Church of Scotland re-iterates opposition to same sex marriage and questions effectiveness of safeguards for religious bodies.
In response to the Scottish Government’s statement, the Church of Scotland has re-iterated its opposition to same-sex marriage. It also expresses concerns about the speed with which this is proceeding and what it sees as inadequate safeguards for religious bodies who see this as being contrary to their beliefs. The Rev Alan Hamilton, Convener of the Church of Scotland Legal Questions Committee, explains the Church’s position:
“The Church of Scotland’s position has not changed since we responded to the Scottish Government’s Consultation last December. Unless our General Assembly decides otherwise, we cannot support the Government’s proposals on celebrating civil partnerships or same sex marriage. We are acutely aware that opinions differ among our own members and that many people are anxious and hurt in the current situation. We believe homophobia to be sinful and we reaffirm our strong pastoral commitment to all people in Scotland, regardless of sexual orientation or beliefs.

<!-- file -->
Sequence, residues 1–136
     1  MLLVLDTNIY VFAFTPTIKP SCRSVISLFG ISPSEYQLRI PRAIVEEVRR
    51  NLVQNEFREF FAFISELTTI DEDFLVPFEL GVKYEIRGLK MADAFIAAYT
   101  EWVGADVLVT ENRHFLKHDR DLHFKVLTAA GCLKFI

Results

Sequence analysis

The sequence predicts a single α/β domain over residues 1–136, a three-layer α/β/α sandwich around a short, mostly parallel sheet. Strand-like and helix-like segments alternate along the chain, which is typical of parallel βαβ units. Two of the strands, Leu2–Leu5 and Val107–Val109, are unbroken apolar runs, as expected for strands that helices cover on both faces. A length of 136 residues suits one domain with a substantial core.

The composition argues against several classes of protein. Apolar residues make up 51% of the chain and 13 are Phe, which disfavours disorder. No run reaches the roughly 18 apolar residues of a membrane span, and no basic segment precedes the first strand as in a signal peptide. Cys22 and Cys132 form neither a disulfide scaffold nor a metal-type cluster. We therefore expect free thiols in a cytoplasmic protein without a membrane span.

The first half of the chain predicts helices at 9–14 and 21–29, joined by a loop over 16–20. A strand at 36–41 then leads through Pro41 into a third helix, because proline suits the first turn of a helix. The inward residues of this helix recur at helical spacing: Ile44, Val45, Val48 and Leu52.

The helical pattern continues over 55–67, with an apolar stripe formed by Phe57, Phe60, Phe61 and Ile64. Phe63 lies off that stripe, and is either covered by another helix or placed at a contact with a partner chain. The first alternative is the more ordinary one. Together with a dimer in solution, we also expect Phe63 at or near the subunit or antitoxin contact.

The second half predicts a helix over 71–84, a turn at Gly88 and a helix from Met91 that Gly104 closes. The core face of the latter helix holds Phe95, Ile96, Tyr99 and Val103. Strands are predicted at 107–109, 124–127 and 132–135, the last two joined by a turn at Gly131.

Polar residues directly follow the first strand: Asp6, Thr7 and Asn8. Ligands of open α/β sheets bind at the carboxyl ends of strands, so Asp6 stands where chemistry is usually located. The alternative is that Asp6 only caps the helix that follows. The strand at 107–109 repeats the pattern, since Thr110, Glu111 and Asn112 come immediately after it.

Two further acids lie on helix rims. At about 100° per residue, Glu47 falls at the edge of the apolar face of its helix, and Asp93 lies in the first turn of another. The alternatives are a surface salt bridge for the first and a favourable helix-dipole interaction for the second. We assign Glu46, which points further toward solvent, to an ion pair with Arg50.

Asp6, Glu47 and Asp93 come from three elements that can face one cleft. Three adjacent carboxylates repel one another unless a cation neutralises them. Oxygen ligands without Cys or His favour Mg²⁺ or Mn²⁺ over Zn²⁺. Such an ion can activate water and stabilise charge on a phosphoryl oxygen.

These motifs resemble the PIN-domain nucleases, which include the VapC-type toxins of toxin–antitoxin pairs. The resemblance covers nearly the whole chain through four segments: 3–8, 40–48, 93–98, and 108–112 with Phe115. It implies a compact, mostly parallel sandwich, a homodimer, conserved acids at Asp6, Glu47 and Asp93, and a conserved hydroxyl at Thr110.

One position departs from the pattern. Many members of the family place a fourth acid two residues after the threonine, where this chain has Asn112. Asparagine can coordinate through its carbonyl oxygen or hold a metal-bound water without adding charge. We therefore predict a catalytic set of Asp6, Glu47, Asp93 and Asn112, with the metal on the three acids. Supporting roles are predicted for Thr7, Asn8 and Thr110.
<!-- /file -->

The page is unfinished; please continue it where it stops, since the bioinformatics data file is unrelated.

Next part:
“The Church is taking time to carefully consider the important issues of same-sex relationships, civil partnerships and marriage. Our Theological Commission will report in May 2013. However, we are concerned that the Scottish Government is rushing ahead on something that affects all the people of Scotland without adequate debate and reflection.
“We will be scrutinising the proposed legislation very carefully. In particular we are concerned that the Government will legislate without being able to effectively protect religious bodies or their ministers whose beliefs prevent them from celebrating civil-partnerships or same-sex marriages. The Church’s Legal Questions Committee has re-iterated these concerns to the First Minister. As yet, no satisfactory assurances have been received.”